One of the problems with a job hunt is that it’s a big and complex project. You need to decide what to do and when. Who do you interview with? Is it time to iterate on your resume? Do you have enough references? Are you networking “right”? Add to that problem is that your emotional well-being is affected with your search—well, it’s a recipe for low self esteem, emotional shaking, rattling, and rolling.
A job search/job hunt is tough. One way to manage this complex project is to use a project management approach that fits the problem. The best way I know is to use personal kanban. Personal kanban allows you to take everything out of your head, get it down on stickies so you have the transparency, and then see it move across the board to see it get to done. You have a way to limit the work in progress, and a way to corral those call-backs with the PEN.
As you can see in this image, it’s a simple system to start. Here, I’ve used a notebook, drawn a few lines, and voila! I have a personal kanban. No muss, no fuss. Yes, it’s great if you can use a wall or a refrigerator or a flip chart because those are larger surfaces. But, if you can only manage a notebook, you can still use a personal kanban.
One of my Manage Your Job Search readers has even used a file folder. He unfolded it, and drew the lines and is using small stickies. My eyes are not good enough anymore for that, but his are.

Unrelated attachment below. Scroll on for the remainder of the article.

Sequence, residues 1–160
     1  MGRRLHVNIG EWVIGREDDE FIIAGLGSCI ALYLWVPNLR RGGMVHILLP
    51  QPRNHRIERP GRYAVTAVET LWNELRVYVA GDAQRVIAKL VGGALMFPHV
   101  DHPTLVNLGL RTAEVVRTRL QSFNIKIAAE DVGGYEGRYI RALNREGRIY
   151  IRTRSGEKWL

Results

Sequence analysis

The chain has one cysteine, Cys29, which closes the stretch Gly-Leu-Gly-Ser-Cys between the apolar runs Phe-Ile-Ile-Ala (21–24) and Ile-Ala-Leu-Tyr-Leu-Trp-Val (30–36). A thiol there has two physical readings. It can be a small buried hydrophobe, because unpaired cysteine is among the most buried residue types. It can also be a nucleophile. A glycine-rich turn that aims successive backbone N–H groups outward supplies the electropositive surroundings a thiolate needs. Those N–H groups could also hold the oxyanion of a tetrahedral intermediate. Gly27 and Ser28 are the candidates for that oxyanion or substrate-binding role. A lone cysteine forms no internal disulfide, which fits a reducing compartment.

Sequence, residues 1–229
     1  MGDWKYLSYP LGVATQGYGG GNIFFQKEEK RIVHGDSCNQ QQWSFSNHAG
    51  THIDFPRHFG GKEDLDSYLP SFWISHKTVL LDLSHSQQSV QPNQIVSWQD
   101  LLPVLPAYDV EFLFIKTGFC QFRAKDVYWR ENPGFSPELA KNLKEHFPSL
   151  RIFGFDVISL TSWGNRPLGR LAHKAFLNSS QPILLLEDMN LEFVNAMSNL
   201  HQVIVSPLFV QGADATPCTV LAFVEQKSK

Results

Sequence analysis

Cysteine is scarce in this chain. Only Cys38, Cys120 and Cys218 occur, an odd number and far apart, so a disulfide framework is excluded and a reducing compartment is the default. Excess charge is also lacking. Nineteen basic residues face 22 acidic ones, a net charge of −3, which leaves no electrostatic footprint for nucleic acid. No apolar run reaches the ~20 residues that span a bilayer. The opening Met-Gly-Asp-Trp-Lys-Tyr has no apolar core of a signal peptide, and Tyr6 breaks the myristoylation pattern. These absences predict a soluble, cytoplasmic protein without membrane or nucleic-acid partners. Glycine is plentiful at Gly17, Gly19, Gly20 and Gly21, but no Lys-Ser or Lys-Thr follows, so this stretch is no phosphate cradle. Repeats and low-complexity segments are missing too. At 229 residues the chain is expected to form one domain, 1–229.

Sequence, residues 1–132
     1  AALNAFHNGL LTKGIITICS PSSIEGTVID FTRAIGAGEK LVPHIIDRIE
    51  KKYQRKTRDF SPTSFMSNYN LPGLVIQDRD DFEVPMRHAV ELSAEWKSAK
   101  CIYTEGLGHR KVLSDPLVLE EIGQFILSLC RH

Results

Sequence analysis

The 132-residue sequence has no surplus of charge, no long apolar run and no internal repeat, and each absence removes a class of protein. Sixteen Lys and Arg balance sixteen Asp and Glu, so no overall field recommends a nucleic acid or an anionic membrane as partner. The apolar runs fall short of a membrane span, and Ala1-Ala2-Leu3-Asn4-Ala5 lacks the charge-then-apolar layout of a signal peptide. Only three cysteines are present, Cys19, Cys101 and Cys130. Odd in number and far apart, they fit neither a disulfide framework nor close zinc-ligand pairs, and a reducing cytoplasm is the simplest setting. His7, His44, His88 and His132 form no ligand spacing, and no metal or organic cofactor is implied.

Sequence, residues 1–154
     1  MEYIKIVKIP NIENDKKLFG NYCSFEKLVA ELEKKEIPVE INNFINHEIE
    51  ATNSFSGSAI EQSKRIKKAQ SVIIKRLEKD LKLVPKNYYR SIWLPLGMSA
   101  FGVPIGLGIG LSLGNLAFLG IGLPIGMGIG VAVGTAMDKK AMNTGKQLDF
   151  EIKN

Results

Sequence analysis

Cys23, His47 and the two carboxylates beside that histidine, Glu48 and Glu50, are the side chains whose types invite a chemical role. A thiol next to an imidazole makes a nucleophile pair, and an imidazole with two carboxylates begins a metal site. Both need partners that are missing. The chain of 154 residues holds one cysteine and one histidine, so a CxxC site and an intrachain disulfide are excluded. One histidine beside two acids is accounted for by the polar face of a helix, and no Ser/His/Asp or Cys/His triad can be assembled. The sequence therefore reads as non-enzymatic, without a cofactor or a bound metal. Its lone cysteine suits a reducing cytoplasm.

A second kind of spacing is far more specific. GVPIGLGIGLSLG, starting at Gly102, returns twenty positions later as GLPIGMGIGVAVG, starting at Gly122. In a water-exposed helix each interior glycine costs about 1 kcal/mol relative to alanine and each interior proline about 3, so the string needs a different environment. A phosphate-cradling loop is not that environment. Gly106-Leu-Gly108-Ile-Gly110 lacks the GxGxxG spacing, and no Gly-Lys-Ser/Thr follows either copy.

Now, when you start adding your todos, you add stickies in the Ready column on the left. (I explain how to do this in the book.) As you work on them, you move them to the In Progress column. When you complete them, you move them to Done.
If you have call-backs, you move them to the PEN, where you corral them. I suggest you create a WIP (Work In Progress) limit for the PEN. Otherwise, you can imagine that you have all these potential call-backs (job leads), when the reality is different.
In Manage Your Job Search, I recommend you plan and execute your job search project in one-week iterations so you can retrospect every week. If you reflect that often, you have a chance to change what you are doing. You can iterate on your resume. You can decide if your activity on LinkedIn is adequate or not. You can rethink your networking online or in-person. You have options.
Personal kanban might not help you get a job faster. It will help you organize a job and provide you the transparency to see where you are with your job search. That’s the first step.